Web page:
Discover Vintage America - OCTOBER 2019

A charming history – charm quilts through the centuries, Part two

Last month, we learned about the origins of charm quilts dating back to the second half of the 1800s. The phenomenon was related to a similar fad for collecting 999 different buttons known as charm strings. The charm quilts would also contain all different fabrics or at least that was the goal and the maker would also try for 1,000 pieces in the quilt. After the revival in the 1930s, charm quilts were mostly forgotten as quilting faded out before the rebirth in 1976 of traditional crafts sparked by the Bicentennial.

Charm quilt top 1998-2019, Triangle Stars by Paula Cochrane (Australia) hand-pieced

Shortly thereafter, in 1980, renowned quilt historian Cuesta Benberry published an article in Quilter's Newsletter Magazine on charm quilts and is credited with starting another revival of charm quilting. The craze was cemented by two more articles on the subject in 1988 by Ms. Benberry along with Jinny Beyer's influential 1985 book The Scrap Look which featured a chapter on charm quilts. Fabric companies and shops again offered charm sets and exchanges were facilitated by magazines and quilters were soon trading sets of unique fabrics through the mail.

Millennium or Y2K charm quilts

Around the turn of the most recent century, aka the Millennium in 2000, there was a further resurgence of the charm quilt fad. A number of quilters actively exchanged fabrics so they could create special Y2K (year 2000) charm quilts featuring 2,000 different fabrics symbolizing the year 2000 and the end of two millennia. Others made charm quilts with 1,000 pieces to mark the end of 1,000 years. Some chose other variations like 100 different fabrics to represent the end of the century.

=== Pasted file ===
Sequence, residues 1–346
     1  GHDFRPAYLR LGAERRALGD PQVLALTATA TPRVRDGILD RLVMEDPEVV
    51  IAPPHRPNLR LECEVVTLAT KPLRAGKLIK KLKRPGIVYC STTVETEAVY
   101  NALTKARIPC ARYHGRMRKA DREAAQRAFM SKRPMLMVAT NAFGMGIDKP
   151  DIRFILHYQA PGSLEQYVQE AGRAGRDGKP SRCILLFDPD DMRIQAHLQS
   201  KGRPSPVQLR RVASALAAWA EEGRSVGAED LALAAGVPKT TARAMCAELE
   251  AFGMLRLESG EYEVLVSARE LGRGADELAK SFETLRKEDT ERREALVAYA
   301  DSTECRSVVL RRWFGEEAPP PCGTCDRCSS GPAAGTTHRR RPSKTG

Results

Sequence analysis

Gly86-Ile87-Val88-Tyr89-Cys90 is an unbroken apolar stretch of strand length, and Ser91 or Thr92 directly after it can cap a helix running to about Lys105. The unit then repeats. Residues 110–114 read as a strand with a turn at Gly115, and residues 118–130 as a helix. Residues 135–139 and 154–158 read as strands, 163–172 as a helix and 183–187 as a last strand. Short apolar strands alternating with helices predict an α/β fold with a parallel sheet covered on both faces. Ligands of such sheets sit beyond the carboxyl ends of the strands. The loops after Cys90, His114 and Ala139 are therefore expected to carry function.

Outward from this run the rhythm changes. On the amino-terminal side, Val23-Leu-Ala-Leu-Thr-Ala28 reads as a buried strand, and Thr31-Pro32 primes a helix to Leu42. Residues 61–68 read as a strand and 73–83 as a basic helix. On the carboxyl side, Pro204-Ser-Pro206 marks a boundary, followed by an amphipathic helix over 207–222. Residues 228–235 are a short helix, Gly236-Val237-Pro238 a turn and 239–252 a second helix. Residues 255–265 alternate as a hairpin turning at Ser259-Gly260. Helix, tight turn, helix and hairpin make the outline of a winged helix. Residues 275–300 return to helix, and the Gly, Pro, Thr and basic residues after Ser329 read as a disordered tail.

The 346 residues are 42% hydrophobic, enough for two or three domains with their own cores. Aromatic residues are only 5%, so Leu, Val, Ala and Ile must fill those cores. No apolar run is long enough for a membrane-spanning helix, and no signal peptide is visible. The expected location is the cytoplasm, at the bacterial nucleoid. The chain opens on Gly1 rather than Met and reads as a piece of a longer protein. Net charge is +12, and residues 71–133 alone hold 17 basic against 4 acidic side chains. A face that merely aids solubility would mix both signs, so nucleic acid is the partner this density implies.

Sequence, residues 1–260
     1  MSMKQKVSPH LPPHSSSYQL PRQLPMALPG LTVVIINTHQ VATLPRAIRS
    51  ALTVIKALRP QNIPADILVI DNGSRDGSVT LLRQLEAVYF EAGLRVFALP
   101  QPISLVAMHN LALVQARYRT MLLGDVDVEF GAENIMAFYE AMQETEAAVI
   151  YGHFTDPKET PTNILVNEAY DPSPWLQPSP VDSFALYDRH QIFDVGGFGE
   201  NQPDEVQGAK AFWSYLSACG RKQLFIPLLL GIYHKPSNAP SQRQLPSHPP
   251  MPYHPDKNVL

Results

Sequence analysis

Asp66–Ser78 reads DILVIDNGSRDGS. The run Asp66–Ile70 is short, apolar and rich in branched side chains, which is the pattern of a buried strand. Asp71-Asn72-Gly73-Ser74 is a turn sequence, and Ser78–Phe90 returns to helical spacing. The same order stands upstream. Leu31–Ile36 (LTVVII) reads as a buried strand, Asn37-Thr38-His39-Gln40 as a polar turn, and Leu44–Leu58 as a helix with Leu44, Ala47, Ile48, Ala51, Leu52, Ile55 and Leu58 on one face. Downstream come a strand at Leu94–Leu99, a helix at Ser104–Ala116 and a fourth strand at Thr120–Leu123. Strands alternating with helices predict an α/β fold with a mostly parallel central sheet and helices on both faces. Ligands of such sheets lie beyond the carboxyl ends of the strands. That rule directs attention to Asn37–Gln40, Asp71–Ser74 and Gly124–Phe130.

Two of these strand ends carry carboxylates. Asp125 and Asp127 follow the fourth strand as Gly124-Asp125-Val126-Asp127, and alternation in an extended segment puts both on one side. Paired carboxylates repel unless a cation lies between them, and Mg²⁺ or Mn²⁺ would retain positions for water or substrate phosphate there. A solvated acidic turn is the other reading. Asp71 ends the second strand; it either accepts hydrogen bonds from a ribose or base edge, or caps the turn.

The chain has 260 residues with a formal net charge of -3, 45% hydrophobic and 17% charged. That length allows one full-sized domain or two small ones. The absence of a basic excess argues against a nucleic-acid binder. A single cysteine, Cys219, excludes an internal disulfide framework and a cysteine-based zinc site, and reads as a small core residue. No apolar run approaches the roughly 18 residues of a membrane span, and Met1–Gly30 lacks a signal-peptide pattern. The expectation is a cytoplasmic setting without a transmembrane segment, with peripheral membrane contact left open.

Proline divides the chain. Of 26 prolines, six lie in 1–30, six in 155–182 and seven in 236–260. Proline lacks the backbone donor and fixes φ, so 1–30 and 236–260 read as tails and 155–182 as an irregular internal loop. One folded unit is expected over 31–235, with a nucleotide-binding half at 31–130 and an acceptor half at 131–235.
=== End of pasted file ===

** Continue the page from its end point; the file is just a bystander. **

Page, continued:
Most of these projects involved a lot of cutting, trading, and then sewing to create these time capsules of fabric from the 1900s. The developing internet quilting communities made finding and exchanging fabrics throughout the country and even the world a challenging but doable endeavor. The Y2K quilts were a special keepsake and a great way to usher in a new century and a new millennium. Fabric companies produced special year 2000 fabrics and quilters avidly collected them and took delight in adding them to their Y2K charm quilts.

Many of us collected them with the best of intentions for making a Y2K charm quilt and still have treasured millennium fabrics in our fabric stashes. Hey, these are probably now considered a valuable vintage collection.

Millennium Y2K Quilt, 1999-2004, "Nearly Charming" Apple Core- Brenda Grampas (Florida), 1,799 different fabrics with one duplicate, hand-pieced and hand quilted

 

Modern charm quilts

Today, quilters are making stash documentation or inventory quilts and creating a visible catalog of their vast stashes of fabric. And "charm quilts" have a new meaning to many quilters as fabric companies have been selling "charm packs" small pre-cut squares of each different fabric in new fabric lines or collections. They are a modern twist on the charm quilt tradition. These packs are a cheaper way of trying out or sampling new fabrics without the investment of buying fat quarter collections that can be quite expensive. Though related to the old charm quilts with all different fabrics, charm packs usually have at least a few repeated fabrics.

So, if you want to make a true charm quilt be careful when grabbing a charm pack.
While researching this column, I contacted quilting friends for their experiences of making charm quilts and I received a wonderful outpouring of stories and pictures. Come back next month to learn a bit more about charm quilts from the 1980s and 1990s and some that have been a few decades in the making.


Sandra Starley is nationally certified quilt appraiser, quilt historian, and avid antique quilt collector. She travels throughout the U.S. presenting talks on antique quilt history, fabric dating classes and trunk shows as well as quilting classes. Learn more at utahquiltappraiser.blogspot.com. Send your comments and quilt questions to SandraStarley@outlook.com

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